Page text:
The Amazing Homes of Public Officers

We meet public officers who have transformed their regular flats into unique living spaces bursting with personality. 
The Amazing Homes of Public Officers
Mr Teo’s home is like a treasure trove of everyday items used in the good ol’ days. He enjoys collecting relics, from a traditional biscuit tin and old records to an actual trishaw.

With its traditional Peranakan screen divider, fuchsia sheets and beaded curtain, Mr Teo Zhiliang’s master bedroom is a pretty picture from the Peranakan past. The headboard of his bed is decorated with Peranakan tiles from the late 1800s, similar to the façade of his grandparents’ old shophouse along Victoria Street. At just 30 years old, the Bowen Secondary School teacher describes himself as a nostalgic person. He and his wife, Mrs Teo Siew Hwa, 32, an academic staff at Republic Polytechnic, were inspired by memories of old buildings to re-create similar-looking spaces at home.

Window grilles are replicas of those popular in the 1960s and ’70s and discarded traffic signs adorn the walls. Some items, like the sofa cushion covers, were made by sourcing for vintage prints in old heartland textile shops, but most pieces were donated by family and friends. Mr Teo’s collection of retro items extends to a trishaw that was once a display piece at Changi Airport and a clock that runs on electricity. “The same pieces I treasure might be perceived as worthless to others,” Mr Teo says, so all the better for him, as he continues to uncover jewels that preserve the everyday spaces of time past.

The Amazing Homes of Public Officers
The Amazing Homes of Public Officers

To make it yours, do it yourself

Bring together two people with a flair for design and a penchant for things home-made, and the result is a home that is anything but ordinary. Public Service Division Communications Designer Siti Zuraidah, 31, and her visual communications lecturer husband Iskandar, 35, took it upon themselves to design their flat so that they could create their own special space. The end product? Bold colours, simple patterns and textures that give the interiors an edgy, stylish feel.

The Amazing Homes of Public Officers
Craving for fresh designs: The couple is constantly thinking of how to inject new creative ideas into their space. Ms Zuraidah tells Challenge that she is considering repainting her home!
Statement-piece furniture such as a guitar-shaped coffee table and its matching pick-shaped seat, and a shoe cabinet re-fashioned from an old locker, complete the look. True to the DIY spirit, the couple channelled their love for typography into designing a wall with an optimistic decal that reads, “Today is going to be a better day”. In the dining room, a brick wall creates a loft-like, homey feel. It is only upon moving closer that you realise the “brick wall” is actually an effect created by meticulously sticking masking tape on a maroon wall, and paint. The couple plans to keep redecorating their private space. They enjoy the process, they say, to make a home that is uniquely theirs.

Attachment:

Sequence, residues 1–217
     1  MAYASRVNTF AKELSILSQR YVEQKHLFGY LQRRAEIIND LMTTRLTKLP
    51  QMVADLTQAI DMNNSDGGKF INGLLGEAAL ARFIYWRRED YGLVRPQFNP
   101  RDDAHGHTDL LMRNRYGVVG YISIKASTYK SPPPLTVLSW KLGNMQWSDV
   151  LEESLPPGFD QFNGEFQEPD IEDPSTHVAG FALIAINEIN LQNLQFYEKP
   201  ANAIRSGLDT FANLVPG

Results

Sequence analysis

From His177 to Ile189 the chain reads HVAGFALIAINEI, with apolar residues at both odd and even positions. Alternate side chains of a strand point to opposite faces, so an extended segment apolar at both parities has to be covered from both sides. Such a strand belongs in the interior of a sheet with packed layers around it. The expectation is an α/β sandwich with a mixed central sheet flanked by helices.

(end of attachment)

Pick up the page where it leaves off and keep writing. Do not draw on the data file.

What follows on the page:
The Amazing Homes of Public Officers
The Amazing Homes of Public Officers

Bringing the great outdoors indoors

Tanjong Katong Primary School teacher Rae Wong and sales manager Adrian Chew, both 35, met at the age of 13 and developed a shared love for nature. Today, their home is a reflection of this passion. Outside, Chinese evergreens, dumb canes and money plants deck the corridor. Indoors, the green theme continues. The couple is exceptionally proud of their colourful terrariums – easy-to-maintain plant enclosures that they created themselves. The plants, Mr Chew explains, add a finishing touch to the yellow lighting, whitewashed walls and liberal use of wood, contributing to a warm, cosy atmosphere.

The Amazing Homes of Public Officers
Earth lovers: The couple adores nature so much that they even have a painting of a tree at home. They also cultivate their own little green universes in the form of terrrariums.
Ms Wong and her sister also painted a tree, freehand, on the dining room wall. About eight animals, including a rabbit and an owl, are hidden amongst the branches. But the most special feature is that just half the tree is painted, making it visible as a whole only through its reflection in the glass panels next to it. Ms Wong says this “adds to the illusion of depth” and spaciousness created by the mirrors. Such artful design and manipulation of space allows the couple to overcome the flat’s size limitations, while recreating the tranquillity of being close to nature in their home.
The Amazing Homes of Public Officers
    Mar 18, 2013
    Fiona Liaw
    Justin Loh
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